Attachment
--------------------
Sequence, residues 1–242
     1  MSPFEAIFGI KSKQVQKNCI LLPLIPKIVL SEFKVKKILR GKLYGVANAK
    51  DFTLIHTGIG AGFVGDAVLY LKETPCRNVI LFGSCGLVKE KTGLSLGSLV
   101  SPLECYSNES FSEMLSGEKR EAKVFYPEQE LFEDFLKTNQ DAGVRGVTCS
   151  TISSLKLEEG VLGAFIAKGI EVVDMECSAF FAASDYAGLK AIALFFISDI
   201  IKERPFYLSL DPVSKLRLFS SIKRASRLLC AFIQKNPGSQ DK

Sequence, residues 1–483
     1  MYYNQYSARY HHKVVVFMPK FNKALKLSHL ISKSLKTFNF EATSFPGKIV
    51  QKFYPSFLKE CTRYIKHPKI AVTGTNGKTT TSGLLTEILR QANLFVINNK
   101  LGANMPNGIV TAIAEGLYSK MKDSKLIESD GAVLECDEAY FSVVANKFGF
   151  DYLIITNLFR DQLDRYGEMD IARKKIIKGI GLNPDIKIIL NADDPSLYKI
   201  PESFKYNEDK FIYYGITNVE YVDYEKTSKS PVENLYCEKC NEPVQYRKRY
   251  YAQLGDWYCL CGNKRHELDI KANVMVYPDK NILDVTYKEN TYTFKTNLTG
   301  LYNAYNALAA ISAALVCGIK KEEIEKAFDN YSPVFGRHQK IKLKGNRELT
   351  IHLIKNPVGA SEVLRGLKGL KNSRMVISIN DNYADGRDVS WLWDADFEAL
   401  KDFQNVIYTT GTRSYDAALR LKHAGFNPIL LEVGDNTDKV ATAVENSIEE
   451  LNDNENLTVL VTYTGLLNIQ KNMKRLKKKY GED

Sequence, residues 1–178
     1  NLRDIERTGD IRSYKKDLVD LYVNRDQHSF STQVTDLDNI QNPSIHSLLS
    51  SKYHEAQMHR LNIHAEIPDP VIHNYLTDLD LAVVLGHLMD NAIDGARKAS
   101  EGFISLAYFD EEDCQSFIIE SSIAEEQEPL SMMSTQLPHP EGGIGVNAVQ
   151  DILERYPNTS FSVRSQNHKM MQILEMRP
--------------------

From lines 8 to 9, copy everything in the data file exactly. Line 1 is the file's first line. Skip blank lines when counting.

     1  MYYNQYSARY HHKVVVFMPK FNKALKLSHL ISKSLKTFNF EATSFPGKIV
    51  QKFYPSFLKE CTRYIKHPKI AVTGTNGKTT TSGLLTEILR QANLFVINNK